advertisements, exposure to, 358–59
age-graded patterning, 41–42
age of onset, 54–55, 135, 138, 265–66, 267 f, 381–82, 576
American Indians, 100–1
animal models, 135, 234–35, 237–39, 241–48
assessment, 154
attitudes/perceived risks, 84
availability, in-home, 347–48
availability/cost targeting, 450
BAC limits, 449–50
brain development, 135, 244–45
brain plasticity impairment, 238
brief intervention, 152, 578, 579 t, 581–83, 582 t, 589, 637, 667
candidate-gene associations, 273–75
cascade models, 30, 56–57, 147, 329
circadian rhythms, 134
cognitive deficits, 243–44
cognitive precursors of, 136–37
college status, 57, 85–86 t, 87, 274, 381, 382, 490
common liability model, 306–11, 308–9 f, 322, 536 t, 814
common vs. substance-specific mechanisms, 132
consequences, long-term, 242–45
contexts, 141, 154
continuity/discontinuity, 58–59
cross-national data, 140–41
dating relationships influences, 423
delinquent behavior risks, 9, 554–58, 556–57 f, 562–66
dependence, 48–50, 134, 291, 541–42, 576, 812 ( see also alcohol use disorder)
developmental subtypes, 143
developmental trajectories, 37–38, 40–42 f, 51–53, 131–32, 134–36, 141–43, 258, 305–6, 381–82, 432, 576
development effects on use of, 20, 26–27
disinhibition, 148, 424–26
disorders, heterogeneity of, 304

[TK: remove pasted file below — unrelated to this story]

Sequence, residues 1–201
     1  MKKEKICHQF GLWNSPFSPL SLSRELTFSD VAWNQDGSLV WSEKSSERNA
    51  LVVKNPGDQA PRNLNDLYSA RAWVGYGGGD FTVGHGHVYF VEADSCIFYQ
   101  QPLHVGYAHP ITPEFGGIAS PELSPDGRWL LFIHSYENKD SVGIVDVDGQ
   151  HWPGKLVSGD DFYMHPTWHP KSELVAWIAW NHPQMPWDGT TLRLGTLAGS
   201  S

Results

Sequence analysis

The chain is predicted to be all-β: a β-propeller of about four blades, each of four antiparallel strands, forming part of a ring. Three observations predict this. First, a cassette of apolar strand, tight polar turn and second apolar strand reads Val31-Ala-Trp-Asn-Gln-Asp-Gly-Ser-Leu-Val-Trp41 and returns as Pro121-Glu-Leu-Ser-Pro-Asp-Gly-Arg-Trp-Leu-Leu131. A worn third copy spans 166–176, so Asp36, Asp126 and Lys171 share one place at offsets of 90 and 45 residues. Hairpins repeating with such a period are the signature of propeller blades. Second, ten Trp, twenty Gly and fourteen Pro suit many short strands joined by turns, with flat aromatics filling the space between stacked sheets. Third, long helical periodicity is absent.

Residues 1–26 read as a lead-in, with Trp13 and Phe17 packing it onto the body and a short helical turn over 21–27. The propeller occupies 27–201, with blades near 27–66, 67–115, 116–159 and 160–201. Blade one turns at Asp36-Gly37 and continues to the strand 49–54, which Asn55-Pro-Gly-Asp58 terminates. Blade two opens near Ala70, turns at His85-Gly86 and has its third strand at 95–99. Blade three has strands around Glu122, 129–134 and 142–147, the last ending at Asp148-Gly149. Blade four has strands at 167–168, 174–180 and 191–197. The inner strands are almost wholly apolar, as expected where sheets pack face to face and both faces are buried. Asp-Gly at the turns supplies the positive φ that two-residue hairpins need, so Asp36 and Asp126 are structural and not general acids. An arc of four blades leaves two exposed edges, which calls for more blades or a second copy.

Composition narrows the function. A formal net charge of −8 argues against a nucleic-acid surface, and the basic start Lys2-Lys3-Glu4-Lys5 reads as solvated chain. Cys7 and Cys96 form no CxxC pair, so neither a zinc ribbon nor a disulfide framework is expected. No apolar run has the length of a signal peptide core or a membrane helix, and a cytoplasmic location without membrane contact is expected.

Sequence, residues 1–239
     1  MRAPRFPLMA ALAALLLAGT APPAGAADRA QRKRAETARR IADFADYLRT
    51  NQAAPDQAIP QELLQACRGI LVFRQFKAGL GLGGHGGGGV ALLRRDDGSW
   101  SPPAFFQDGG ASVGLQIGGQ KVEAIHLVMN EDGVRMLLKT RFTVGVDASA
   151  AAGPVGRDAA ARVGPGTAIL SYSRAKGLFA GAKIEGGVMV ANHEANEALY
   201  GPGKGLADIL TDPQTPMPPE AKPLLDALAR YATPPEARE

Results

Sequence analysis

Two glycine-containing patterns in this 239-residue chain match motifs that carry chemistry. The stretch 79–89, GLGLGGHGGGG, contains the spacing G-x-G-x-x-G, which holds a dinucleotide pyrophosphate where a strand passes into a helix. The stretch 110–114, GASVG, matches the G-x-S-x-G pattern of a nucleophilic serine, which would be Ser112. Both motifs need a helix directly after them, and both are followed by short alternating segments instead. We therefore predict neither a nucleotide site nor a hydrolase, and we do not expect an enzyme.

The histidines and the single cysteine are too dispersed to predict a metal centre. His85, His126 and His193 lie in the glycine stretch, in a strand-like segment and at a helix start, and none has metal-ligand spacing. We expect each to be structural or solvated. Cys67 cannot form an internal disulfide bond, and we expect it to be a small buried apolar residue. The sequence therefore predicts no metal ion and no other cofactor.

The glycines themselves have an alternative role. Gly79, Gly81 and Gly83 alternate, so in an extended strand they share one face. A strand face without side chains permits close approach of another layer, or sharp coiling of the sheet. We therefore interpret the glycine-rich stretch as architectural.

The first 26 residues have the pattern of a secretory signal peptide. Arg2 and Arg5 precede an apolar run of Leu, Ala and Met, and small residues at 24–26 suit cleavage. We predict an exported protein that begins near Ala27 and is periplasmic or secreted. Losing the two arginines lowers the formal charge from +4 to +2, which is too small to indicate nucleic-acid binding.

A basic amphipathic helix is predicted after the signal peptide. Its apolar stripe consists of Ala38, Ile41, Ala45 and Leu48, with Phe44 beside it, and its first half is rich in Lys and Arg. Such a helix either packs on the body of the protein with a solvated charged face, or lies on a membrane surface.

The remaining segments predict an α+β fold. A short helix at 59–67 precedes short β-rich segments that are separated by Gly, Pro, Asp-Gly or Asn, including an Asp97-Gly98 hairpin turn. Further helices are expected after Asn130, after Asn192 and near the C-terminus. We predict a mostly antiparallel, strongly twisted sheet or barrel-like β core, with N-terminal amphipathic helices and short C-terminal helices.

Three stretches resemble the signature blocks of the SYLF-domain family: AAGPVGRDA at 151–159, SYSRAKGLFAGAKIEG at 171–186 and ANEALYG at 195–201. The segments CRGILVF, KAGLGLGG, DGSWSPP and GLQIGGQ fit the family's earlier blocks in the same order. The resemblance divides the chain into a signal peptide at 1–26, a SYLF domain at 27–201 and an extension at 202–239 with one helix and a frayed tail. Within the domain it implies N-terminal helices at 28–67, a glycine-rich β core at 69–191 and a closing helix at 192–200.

early initiation as predictive, 138, 142
elementary school children studies, 382
environmental influences on, 134, 146, 154
epigenetic effects, 134, 154, 244
etiologic models, 306
expectancies, experimental manipulation of, 382–83
expectancies, formation, 378–80
expectancies, modeling/observation, 377–78
expectancy measures, 375–76
exposure, later outcomes, 242–43
externalizing behavior, 148, 154, 179, 271–72
family influences, 137, 141, 148–50, 258–59
first use, first full drink, initiation of use, 46–47, 49–51, 49 f, 137–39, 141, 147, 325, 403, 431, 469
gateway hypothesis, 138–39, 271–72
gender differences, 85–86 t, 86, 134–35, 140–43, 145, 147, 484
genetic influences on, 133–34, 143, 147, 150, 154, 314
grade level differences, 84–86, 85–86 t
graduated driver licensing laws, 450
(p. 820)
g x e interaction, 260–65, 266 t